If you’re interested in an alternative to a standard vacation, World Wide Opportunities on Organic Farms (WWOOF) affords a unique proposition–pitch in a few hours of daily work on an organic farm in exchange for free lodging and meals, all while learning the ins and outs of growing organic food.
So how does it work? Regional WWOOF organizations publish lists of organic farms that welcome volunteer help at certain times. Given the multitude of hosts around the world, you have a wide variety of locales, tasks and experiences to choose from! Once you’ve identified the farm that most interests you, you’ll make direct contact to arrange a stay. Volunteers usually live as part of the host family (with lodging and meals included), and the only costs you’d need to cover are travel expenses to get to the farm and a nominal fee to help maintain and develop the WWOOF network.
I’m really interested in the processes and best practices of organic farming, and as an urban apartment-dweller I don’t get much exposure to this craft, so the WWOOF’s program definitely appeals to me. I could see myself trying a volunteer stint at a California farm within driving distance, or perhaps even pitching in a few days as part of a longer trip to Hawaii, Asia or Europe.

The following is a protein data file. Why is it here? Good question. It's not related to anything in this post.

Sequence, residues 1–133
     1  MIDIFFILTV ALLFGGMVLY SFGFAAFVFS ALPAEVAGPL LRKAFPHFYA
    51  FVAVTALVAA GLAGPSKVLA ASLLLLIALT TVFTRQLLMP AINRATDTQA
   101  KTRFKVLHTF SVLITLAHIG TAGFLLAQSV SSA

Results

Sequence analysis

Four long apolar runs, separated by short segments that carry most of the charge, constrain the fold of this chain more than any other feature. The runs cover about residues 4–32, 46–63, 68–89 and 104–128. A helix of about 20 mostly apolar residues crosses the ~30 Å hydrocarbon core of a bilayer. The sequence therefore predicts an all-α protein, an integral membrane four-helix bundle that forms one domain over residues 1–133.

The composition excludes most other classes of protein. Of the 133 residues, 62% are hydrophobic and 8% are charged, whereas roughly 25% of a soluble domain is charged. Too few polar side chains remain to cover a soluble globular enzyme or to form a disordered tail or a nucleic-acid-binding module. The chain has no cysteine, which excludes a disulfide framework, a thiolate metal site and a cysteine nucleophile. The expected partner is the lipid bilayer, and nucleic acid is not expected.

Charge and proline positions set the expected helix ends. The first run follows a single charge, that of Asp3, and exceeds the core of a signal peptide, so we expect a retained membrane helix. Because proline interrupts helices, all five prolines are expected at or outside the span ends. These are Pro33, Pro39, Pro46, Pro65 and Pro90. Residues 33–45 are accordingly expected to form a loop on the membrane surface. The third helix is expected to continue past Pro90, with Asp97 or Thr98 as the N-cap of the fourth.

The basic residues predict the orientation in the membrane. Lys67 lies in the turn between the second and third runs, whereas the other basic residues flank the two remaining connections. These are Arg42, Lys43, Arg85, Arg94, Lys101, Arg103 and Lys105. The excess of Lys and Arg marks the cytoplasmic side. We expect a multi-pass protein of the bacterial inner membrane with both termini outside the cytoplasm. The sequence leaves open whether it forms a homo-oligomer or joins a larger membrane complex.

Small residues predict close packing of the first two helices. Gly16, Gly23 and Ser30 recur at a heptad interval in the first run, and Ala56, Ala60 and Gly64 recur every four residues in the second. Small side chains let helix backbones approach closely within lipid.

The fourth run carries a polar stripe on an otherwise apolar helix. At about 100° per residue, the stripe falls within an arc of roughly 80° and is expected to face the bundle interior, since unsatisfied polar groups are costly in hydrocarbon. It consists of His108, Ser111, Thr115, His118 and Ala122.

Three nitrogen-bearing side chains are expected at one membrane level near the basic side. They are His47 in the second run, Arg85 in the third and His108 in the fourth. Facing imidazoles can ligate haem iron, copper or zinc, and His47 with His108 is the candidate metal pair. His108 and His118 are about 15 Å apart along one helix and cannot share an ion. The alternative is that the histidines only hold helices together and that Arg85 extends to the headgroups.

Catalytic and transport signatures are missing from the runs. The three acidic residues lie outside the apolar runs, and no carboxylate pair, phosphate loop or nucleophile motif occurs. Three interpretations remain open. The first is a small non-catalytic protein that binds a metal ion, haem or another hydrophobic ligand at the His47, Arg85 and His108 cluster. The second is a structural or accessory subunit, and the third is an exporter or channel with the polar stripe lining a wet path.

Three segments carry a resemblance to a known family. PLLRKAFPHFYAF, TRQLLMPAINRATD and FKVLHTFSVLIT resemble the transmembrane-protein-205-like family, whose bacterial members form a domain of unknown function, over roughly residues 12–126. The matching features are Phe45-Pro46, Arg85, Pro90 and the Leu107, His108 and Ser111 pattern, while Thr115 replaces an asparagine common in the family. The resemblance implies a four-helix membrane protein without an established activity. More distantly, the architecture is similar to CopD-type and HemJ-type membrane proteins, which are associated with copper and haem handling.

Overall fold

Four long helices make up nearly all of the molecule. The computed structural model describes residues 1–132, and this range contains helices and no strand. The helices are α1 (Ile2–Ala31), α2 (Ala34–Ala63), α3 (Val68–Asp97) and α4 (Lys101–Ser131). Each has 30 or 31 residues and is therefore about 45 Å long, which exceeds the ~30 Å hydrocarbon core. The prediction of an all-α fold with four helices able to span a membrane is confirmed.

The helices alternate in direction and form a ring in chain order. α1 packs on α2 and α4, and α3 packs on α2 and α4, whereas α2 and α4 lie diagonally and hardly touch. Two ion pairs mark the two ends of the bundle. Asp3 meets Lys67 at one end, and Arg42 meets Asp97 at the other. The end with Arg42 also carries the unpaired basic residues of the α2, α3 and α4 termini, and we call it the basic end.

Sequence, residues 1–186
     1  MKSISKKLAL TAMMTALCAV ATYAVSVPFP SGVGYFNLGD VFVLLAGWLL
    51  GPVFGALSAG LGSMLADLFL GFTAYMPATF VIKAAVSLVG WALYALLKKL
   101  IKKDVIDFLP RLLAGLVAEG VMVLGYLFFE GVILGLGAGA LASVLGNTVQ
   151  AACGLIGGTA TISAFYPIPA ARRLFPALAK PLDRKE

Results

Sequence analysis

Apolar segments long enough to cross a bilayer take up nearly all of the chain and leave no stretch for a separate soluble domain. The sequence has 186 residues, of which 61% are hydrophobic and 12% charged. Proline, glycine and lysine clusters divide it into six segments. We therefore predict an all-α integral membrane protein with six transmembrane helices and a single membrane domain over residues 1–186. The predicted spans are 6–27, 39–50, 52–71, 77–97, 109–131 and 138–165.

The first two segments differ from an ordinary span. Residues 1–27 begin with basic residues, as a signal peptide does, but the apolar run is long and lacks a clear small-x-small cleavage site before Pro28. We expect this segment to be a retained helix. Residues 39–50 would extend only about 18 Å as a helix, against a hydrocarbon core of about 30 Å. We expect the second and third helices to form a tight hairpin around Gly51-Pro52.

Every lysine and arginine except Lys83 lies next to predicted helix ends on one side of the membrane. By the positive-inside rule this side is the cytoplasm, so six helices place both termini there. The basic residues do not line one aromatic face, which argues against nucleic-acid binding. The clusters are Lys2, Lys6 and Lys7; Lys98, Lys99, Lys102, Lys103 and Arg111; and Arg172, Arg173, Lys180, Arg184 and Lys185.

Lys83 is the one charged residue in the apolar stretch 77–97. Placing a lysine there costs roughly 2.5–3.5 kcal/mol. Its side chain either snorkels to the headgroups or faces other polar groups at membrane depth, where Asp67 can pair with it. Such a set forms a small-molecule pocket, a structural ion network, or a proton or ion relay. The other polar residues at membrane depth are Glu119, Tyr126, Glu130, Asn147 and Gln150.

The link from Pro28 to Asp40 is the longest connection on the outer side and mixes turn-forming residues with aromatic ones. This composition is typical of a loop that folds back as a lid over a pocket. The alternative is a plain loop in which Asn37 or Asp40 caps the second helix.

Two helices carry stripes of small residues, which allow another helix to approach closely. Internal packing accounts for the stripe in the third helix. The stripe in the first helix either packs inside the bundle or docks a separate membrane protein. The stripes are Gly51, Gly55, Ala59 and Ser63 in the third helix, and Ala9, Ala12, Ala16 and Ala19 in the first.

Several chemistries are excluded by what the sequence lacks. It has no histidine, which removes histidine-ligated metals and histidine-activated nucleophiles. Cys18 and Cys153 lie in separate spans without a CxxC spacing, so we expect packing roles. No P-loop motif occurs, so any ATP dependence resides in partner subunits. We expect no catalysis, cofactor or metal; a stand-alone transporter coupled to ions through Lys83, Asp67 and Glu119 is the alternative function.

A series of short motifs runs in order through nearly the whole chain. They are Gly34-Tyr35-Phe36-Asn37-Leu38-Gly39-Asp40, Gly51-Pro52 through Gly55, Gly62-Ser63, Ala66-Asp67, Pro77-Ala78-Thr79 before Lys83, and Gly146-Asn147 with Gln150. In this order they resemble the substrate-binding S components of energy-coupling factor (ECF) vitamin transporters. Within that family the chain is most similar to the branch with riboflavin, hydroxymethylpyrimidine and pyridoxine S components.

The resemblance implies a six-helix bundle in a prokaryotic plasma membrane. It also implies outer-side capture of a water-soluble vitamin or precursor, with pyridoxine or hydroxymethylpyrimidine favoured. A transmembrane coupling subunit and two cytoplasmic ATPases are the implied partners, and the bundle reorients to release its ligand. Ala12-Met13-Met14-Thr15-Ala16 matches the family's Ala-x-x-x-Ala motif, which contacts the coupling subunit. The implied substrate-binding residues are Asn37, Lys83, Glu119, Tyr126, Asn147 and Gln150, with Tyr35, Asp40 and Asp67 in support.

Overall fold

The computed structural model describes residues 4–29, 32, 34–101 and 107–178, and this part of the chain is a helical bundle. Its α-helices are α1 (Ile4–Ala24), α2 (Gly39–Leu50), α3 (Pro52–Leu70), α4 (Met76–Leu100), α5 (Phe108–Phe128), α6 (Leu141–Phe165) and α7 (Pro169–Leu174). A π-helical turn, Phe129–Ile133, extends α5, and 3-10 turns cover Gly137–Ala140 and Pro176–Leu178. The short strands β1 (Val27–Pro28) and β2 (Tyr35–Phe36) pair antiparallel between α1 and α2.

Keep in mind: You’ll be living on a farm, so accommodations will most likely be rustic and basic. You should also be physically prepared to engage in potentially rigorous labor. Finally, note that many of the WWOOF’s regional organizations charge a fee for access to their farm listings (e.g. WWOOF-USA charges $30/year for access to its online farm directory).
Bonus tip(s): If you’d like to try the produce from a local, organic farm, look into whether there’s a CSA (community supported agriculture) program in your area. I “subscribe” to bi-weekly produce boxes from the South Central CSA, and it’s been fun (and economical) trying out new recipes featuring the unique seasonal veggies that I receive. Check Local Harvest to see if there’s a CSA near you.